UN Security Council seeks to sustain peace in Africa


Cristina Duarte

By Cecilia Ologunagba

The United Nations Security Council (UNSC) is seeking to sustain peace in crisis-ridden parts of Africa.

Ms Cristina Duarte, the UN Secretary-General’s Special Adviser on Africa, said greater investment in state institutions is critical to countering peace and security challenges in Africa.

Duarte stated this while briefing the Security Council on Monday at the UN headquarters in New York.

She highlighted how African countries’ efforts to both prevent and address violence are being undermined by external factors such as competition over natural resources, which fuels conflict, to the increasing presence of global terrorist networks that are gaining footholds in some regions.

These efforts are also being thwarted by internal factors, including discrimination in the delivery of public services, corruption, and non-inclusive planning and budgeting processes.

Furthermore, in areas where the State is absent, service delivery is being provided by non-State actors such as criminal and terrorist groups.

Duarte underscored that policy and financing are the main challenges to capacity building, and she offered recommendations on the way forward.

“Investing in institutional infrastructure is essential to build the capacities to tackle the internal causes of violence.

“Institutions have the power to catalyze holistic solutions. Institutional capacity building should, therefore, be the cornerstone of efforts to achieve sustainable peace,” she said.

Meanwhile, technical cooperation to create policy and institutional capacity needs to be a priority in all conflict situations.

Duarte said this requires increasing cooperation and coordination among the UN’s different areas of work.

At the same time, deliberations on peace and security issues must be informed by analyses of the socio-economic conditions and institutional capacity of countries.

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The Special Adviser also called for action by peacekeeping missions, which reach areas where State presence is absent.

“Closer cooperation with national and local authorities, not only from a security perspective but also from the perspective of institution-building, could create opportunities for increasing the presence of the State and enhancing the delivery of services, preventing gaps that can be leveraged by terrorist groups and non-state actors,” she said.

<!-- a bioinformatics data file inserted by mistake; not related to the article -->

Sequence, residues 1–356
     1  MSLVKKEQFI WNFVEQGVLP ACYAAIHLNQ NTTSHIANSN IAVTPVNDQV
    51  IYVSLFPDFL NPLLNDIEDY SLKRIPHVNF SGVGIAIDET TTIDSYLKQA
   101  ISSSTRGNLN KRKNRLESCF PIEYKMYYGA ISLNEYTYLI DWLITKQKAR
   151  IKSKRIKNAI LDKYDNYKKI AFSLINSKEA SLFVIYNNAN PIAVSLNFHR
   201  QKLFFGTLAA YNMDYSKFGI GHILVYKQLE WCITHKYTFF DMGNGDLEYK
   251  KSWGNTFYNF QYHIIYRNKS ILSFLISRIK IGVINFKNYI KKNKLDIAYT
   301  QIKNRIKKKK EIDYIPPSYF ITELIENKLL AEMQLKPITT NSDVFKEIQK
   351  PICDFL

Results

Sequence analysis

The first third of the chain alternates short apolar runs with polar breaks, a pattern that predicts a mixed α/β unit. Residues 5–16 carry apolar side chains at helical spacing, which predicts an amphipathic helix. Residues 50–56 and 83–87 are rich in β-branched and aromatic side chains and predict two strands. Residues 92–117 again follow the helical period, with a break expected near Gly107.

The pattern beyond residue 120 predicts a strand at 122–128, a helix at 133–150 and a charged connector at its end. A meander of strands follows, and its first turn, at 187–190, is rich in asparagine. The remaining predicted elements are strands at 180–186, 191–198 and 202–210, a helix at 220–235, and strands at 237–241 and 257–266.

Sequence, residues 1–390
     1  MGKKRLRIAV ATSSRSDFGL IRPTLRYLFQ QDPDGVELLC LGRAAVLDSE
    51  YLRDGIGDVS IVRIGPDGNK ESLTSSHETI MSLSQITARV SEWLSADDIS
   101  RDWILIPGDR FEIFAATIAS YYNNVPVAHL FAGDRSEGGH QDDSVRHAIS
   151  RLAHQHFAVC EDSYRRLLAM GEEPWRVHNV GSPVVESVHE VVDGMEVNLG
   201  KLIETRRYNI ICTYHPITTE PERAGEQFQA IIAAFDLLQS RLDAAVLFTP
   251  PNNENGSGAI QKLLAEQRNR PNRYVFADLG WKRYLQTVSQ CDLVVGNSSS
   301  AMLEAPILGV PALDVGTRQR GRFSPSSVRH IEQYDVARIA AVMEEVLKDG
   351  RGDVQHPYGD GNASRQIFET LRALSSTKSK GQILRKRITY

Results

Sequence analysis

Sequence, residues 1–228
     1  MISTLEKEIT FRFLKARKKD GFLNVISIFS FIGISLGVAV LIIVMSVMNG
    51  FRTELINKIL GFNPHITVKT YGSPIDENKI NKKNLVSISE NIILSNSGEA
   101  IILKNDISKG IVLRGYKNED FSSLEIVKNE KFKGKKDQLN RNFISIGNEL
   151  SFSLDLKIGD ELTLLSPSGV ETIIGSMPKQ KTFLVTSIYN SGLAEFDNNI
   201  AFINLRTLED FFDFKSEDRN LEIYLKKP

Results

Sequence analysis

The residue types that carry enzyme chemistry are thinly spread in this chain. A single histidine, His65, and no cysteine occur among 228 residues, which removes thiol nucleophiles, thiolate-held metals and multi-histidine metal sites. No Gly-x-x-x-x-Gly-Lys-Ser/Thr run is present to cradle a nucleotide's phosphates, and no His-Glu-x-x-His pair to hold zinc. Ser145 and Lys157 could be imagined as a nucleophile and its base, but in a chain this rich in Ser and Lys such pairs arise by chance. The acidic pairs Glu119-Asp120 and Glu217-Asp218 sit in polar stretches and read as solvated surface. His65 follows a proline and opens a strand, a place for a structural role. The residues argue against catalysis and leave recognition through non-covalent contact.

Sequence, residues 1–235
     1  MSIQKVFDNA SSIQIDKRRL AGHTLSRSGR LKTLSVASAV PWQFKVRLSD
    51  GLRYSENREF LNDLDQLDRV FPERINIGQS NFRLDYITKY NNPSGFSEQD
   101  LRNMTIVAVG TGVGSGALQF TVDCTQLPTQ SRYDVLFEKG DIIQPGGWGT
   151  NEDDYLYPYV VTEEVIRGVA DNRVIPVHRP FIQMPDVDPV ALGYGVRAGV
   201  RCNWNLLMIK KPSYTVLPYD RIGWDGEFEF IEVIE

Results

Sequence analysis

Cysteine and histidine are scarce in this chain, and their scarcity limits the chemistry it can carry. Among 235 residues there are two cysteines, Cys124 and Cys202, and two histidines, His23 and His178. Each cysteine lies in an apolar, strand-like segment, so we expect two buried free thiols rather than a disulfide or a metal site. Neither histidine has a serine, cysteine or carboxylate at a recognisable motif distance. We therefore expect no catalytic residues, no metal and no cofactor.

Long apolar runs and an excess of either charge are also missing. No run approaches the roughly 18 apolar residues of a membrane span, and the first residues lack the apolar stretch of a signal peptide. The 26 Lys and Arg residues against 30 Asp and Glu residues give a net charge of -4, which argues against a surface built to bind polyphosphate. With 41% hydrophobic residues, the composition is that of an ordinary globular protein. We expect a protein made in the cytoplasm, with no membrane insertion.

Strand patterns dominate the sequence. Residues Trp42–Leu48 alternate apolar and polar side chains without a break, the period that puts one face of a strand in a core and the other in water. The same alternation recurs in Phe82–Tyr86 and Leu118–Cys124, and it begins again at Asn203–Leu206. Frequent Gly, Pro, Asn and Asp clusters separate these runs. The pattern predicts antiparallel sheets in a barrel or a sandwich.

She relatedly pointed to the power of school feeding programmes, describing them as an example of public service with a great potential to contribute to long-term peace and stability.

Though primarily a means to address issues such as low educational attainment, malnutrition and overall food insecurity, these programmes also promote local economies and women’s empowerment, among other benefits, including reducing the risk of child recruitment into terrorist groups.

“School-feeding is, all in all, a cost-effective way of strengthening trust in public institutions through the delivery of basic services,” she said.

In addition, she said that her Office had launched an initiative called ‘A pen for a gun’ to showcase the role these programmes have in promoting social cohesion and peace in Africa.

The UN and the African Union (AU) are partners on the continent. Their collaboration must be stepped up, the AU’s Commissioner for Political Affairs, Peace and Security, Amb. Bankole Adeoye said in his remarks.

Adeoye noted that partnership in peacekeeping and peacebuilding is “well-articulated and appreciated,” but it must move forward to develop capacity in peace enforcement to defeat terrorism and violent extremism.

He emphasized the need for joint transformative leadership between the UN Security Council and the AU’s Peace and Security Council.

“For Africa, the focus will be on building integrated capacity for peace enforcement operations from both the military and the whole of society approach,” he said.

“It is also equally important that we work towards unlocking the financial challenges that are associated with peace operations.”


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